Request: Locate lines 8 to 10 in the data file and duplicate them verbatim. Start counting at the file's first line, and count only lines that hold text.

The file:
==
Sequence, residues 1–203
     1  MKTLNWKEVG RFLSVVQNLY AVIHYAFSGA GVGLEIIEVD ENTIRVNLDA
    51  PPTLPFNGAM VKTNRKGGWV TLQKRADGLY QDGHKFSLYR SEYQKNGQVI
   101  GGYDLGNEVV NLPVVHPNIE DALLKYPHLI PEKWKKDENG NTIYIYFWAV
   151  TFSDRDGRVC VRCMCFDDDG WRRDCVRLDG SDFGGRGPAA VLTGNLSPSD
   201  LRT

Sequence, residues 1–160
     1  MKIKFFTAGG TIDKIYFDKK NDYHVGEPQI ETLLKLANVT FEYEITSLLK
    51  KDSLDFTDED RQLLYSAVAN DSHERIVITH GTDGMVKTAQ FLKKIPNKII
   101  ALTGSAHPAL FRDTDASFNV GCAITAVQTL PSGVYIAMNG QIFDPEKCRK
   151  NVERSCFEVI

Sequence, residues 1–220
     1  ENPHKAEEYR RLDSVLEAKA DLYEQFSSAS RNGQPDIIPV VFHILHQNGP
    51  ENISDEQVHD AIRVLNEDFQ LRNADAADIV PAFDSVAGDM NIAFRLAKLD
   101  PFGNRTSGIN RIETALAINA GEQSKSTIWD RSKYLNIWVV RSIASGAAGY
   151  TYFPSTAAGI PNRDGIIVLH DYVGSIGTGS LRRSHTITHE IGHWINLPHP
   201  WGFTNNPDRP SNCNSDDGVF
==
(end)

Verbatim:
     1  MKIKFFTAGG TIDKIYFDKK NDYHVGEPQI ETLLKLANVT FEYEITSLLK
    51  KDSLDFTDED RQLLYSAVAN DSHERIVITH GTDGMVKTAQ FLKKIPNKII
   101  ALTGSAHPAL FRDTDASFNV GCAITAVQTL PSGVYIAMNG QIFDPEKCRK